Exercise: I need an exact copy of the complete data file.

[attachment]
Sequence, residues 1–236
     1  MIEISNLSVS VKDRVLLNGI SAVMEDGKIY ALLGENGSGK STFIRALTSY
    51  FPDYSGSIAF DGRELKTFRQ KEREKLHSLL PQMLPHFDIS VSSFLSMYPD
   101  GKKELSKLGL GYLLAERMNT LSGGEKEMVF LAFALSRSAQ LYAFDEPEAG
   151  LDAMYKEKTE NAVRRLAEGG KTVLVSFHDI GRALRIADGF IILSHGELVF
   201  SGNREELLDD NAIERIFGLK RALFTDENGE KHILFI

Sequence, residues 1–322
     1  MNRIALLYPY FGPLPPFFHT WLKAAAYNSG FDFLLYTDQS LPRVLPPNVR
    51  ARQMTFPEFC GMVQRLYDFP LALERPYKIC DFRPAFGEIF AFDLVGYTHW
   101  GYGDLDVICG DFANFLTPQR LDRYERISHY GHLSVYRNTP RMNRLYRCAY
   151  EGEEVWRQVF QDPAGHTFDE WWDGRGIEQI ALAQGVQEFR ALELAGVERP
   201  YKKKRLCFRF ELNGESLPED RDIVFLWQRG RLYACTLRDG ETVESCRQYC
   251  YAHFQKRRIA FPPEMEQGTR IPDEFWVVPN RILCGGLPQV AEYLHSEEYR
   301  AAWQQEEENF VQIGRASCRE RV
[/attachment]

Sequence, residues 1–236
     1  MIEISNLSVS VKDRVLLNGI SAVMEDGKIY ALLGENGSGK STFIRALTSY
    51  FPDYSGSIAF DGRELKTFRQ KEREKLHSLL PQMLPHFDIS VSSFLSMYPD
   101  GKKELSKLGL GYLLAERMNT LSGGEKEMVF LAFALSRSAQ LYAFDEPEAG
   151  LDAMYKEKTE NAVRRLAEGG KTVLVSFHDI GRALRIADGF IILSHGELVF
   201  SGNREELLDD NAIERIFGLK RALFTDENGE KHILFI

Sequence, residues 1–322
     1  MNRIALLYPY FGPLPPFFHT WLKAAAYNSG FDFLLYTDQS LPRVLPPNVR
    51  ARQMTFPEFC GMVQRLYDFP LALERPYKIC DFRPAFGEIF AFDLVGYTHW
   101  GYGDLDVICG DFANFLTPQR LDRYERISHY GHLSVYRNTP RMNRLYRCAY
   151  EGEEVWRQVF QDPAGHTFDE WWDGRGIEQI ALAQGVQEFR ALELAGVERP
   201  YKKKRLCFRF ELNGESLPED RDIVFLWQRG RLYACTLRDG ETVESCRQYC
   251  YAHFQKRRIA FPPEMEQGTR IPDEFWVVPN RILCGGLPQV AEYLHSEEYR
   301  AAWQQEEENF VQIGRASCRE RV